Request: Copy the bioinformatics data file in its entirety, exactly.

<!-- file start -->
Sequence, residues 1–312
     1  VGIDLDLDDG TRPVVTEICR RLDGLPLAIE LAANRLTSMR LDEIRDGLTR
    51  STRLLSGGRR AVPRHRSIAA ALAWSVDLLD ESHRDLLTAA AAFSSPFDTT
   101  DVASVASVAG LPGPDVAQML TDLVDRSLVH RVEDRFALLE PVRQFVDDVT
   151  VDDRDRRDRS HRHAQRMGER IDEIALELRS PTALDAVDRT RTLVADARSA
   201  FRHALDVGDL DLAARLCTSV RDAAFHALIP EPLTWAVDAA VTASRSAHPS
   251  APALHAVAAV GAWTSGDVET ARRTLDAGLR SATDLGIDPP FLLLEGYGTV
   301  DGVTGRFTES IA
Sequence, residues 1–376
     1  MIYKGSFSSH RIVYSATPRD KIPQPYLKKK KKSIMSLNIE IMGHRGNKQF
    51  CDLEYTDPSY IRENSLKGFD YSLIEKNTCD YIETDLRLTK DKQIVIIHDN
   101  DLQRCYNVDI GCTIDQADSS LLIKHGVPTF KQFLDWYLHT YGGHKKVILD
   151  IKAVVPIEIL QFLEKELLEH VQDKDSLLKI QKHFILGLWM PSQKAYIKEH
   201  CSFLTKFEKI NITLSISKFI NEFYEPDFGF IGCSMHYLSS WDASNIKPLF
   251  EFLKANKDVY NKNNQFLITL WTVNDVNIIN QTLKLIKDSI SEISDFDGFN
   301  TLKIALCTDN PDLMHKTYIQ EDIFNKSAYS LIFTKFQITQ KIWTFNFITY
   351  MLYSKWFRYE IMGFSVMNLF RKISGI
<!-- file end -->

Sequence, residues 1–312
     1  VGIDLDLDDG TRPVVTEICR RLDGLPLAIE LAANRLTSMR LDEIRDGLTR
    51  STRLLSGGRR AVPRHRSIAA ALAWSVDLLD ESHRDLLTAA AAFSSPFDTT
   101  DVASVASVAG LPGPDVAQML TDLVDRSLVH RVEDRFALLE PVRQFVDDVT
   151  VDDRDRRDRS HRHAQRMGER IDEIALELRS PTALDAVDRT RTLVADARSA
   201  FRHALDVGDL DLAARLCTSV RDAAFHALIP EPLTWAVDAA VTASRSAHPS
   251  APALHAVAAV GAWTSGDVET ARRTLDAGLR SATDLGIDPP FLLLEGYGTV
   301  DGVTGRFTES IA
Sequence, residues 1–376
     1  MIYKGSFSSH RIVYSATPRD KIPQPYLKKK KKSIMSLNIE IMGHRGNKQF
    51  CDLEYTDPSY IRENSLKGFD YSLIEKNTCD YIETDLRLTK DKQIVIIHDN
   101  DLQRCYNVDI GCTIDQADSS LLIKHGVPTF KQFLDWYLHT YGGHKKVILD
   151  IKAVVPIEIL QFLEKELLEH VQDKDSLLKI QKHFILGLWM PSQKAYIKEH
   201  CSFLTKFEKI NITLSISKFI NEFYEPDFGF IGCSMHYLSS WDASNIKPLF
   251  EFLKANKDVY NKNNQFLITL WTVNDVNIIN QTLKLIKDSI SEISDFDGFN
   301  TLKIALCTDN PDLMHKTYIQ EDIFNKSAYS LIFTKFQITQ KIWTFNFITY
   351  MLYSKWFRYE IMGFSVMNLF RKISGI